New York

New York’s High Line

The-High-Line-at-the-Rail-Yards_dezeen_468_01Photo by Iwan Baan

Just love this innovative idea in urban design that turned abandoned railway tracks into a city park. What a fantastic way for communities to reclaim unused space. This reminds me of the ‘pop-up parks‘ that occurred around Calgary in the past, such as this one in Victoria Park that I enjoyed in 2012. Although they are temporary, I think all communities should get to enjoy the space that serve no other purpose (and are usually just vacant lots/eyesores). Wouldn’t it be great to have a pop-up library programming space in the communities where library programming room space is at a premium? Too bad Calgary doesn’t have Florida-weather as that would make this proposition a lot easier to turn into a reality!


Secret Libraries of New York & Toronto

Enjoyed this article on some of the members only and hidden libraries around New York. Most large cities can boast hidden or member-only libraries. As a member of the Special Libraries Association (SLA) Student Chapter I’ve been able to tour many of these. I would love to go on a quest to write a similar article about the lesser known Toronto libraries. I recently learned about a few libraries that I did not know existed, such as the ROM, Textile Museum, and University Club:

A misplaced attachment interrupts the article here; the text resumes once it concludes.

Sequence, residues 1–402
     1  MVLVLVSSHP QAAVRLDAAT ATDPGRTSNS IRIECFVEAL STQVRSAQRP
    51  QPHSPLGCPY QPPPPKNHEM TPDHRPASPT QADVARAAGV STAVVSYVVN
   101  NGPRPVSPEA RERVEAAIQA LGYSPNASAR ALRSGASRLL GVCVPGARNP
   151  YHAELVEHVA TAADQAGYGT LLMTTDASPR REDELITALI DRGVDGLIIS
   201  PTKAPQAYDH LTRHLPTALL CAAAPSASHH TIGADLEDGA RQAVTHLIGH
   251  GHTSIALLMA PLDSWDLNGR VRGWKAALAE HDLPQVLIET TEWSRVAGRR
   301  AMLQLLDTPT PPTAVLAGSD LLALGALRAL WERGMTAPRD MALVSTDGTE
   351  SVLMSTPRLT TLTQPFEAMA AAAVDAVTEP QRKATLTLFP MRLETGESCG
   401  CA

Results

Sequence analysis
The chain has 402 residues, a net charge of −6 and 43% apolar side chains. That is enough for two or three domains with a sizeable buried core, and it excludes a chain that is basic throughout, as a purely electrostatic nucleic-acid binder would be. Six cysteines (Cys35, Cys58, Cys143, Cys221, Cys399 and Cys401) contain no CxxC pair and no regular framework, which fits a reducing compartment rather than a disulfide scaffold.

9841371393_309e125bbe_mPhoto from Flickr Creative Commons, By The City of Toronto

The ROM has two libraries and an archive which are open to the public for research.

TextilePhoto from

The Textile museum also has a research collection for use by the public at the H. N. Pullar Library. from

The University Club of Toronto is a members-only group for University graduates. Their library no longer holds many books, but is a beautiful dining room and is used for events.

I will keep my eyes out for more items to add to this list. I’ll be going on a tour of some special libraries next month in Toronto and will hopefully get a chance to blog about them afterwards.